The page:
You sense in Nicholas Meyer’s writing a clear distrust of extreme, enforced regulation. Once Kirk throws those self-enforced shackles off, he starts to rediscover the swagger and humour he displayed in The Original Series. He begins to embrace that deeper humanity, even in the face of the kind of chilling horror he encounters on Regula 1.
While The Wrath of Khan primarily operates as a naval adventure, with a dash in places of WW2 submarine thriller, during the Regula 1 sequence Meyer segues almost quite deliberately into haunted house horror.
Regula 1, cold and deserted following the Reliant’s unseen arrival, blends the open, quiet, ominous terror of the Overlook Hotel in Stanley Kubrick’s The Shining with the science-fiction dread of the Nostromo in Ridley Scott’s Alien, both movies which cast a long shadow over cinema in subsequent decades. These sequences are tense and unerring, filled with the lingering horror of what Khan, off screen, may have wrought. Bones bumping into the bloodied, hanging corpses of Regula 1 scientists brings it home, accompanied by a thundering blast of horror movie strings from James Horner.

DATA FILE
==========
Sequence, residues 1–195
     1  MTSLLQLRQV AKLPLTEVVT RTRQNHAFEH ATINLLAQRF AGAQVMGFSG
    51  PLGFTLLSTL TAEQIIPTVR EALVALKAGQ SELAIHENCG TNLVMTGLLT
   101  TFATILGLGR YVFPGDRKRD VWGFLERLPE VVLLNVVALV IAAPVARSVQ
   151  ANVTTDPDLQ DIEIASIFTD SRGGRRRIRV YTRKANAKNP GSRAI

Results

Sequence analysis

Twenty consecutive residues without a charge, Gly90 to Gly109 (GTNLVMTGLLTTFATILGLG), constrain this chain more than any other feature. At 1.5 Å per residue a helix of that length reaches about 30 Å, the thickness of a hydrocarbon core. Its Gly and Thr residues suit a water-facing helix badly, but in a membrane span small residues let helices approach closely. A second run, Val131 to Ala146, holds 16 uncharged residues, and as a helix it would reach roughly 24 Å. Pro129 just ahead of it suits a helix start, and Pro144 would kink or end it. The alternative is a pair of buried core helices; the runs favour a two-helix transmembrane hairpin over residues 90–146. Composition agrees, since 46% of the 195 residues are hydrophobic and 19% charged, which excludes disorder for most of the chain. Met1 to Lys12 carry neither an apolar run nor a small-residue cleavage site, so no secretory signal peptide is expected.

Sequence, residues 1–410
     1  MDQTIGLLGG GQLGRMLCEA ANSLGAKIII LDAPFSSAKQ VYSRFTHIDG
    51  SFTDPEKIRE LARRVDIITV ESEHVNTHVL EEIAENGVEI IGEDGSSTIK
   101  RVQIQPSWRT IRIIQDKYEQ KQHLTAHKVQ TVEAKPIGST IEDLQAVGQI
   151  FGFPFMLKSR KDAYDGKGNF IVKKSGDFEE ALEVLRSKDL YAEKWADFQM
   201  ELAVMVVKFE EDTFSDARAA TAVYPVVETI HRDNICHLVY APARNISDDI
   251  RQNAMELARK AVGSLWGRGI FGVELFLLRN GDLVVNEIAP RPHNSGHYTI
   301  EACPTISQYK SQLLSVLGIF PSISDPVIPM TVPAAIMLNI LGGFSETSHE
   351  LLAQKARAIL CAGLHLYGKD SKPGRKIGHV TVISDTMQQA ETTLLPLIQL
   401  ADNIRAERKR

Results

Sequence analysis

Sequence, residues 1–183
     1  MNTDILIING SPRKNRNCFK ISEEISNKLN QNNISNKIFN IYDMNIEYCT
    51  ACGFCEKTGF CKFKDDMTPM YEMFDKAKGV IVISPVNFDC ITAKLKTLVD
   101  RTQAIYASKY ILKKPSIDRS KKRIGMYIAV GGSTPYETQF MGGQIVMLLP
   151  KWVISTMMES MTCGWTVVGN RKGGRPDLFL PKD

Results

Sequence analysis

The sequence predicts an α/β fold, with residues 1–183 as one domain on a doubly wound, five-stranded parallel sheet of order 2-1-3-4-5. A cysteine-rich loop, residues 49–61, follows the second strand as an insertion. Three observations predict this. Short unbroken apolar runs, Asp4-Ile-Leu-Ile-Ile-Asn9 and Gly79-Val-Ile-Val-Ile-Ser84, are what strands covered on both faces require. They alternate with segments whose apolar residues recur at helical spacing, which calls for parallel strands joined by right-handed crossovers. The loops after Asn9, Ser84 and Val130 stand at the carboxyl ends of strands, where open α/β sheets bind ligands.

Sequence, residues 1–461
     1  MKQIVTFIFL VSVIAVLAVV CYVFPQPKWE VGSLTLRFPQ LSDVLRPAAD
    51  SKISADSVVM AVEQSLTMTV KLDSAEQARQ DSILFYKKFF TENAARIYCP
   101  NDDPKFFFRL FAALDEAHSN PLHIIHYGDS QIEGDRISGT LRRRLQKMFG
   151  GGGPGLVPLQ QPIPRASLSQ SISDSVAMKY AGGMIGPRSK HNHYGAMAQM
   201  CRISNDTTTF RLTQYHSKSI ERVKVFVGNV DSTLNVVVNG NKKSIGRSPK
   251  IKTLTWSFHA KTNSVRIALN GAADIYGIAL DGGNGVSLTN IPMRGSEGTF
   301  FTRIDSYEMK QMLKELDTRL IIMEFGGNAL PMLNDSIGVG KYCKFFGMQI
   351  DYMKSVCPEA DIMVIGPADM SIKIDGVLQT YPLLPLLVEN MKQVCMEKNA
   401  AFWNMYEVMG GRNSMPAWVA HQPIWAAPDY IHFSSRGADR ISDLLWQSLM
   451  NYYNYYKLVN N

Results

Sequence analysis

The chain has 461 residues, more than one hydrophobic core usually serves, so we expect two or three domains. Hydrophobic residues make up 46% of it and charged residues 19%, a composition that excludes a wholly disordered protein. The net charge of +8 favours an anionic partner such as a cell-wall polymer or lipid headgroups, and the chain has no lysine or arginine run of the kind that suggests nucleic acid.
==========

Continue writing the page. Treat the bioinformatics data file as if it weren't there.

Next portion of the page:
Had we witnessed Khan’s attack, and the slaughter of the Regula 1 team, this sequence would have been much less effective; instead we are left to imagine what, if we’re sticking with a horror movie theme, could have been a slasher in all but name. “He tortured those people. He went wild. He slit their throats” the traumatised Captain Terrell, once found in the station, recounts to Kirk, having witnessed a terror all the more potent for how we can imagine it.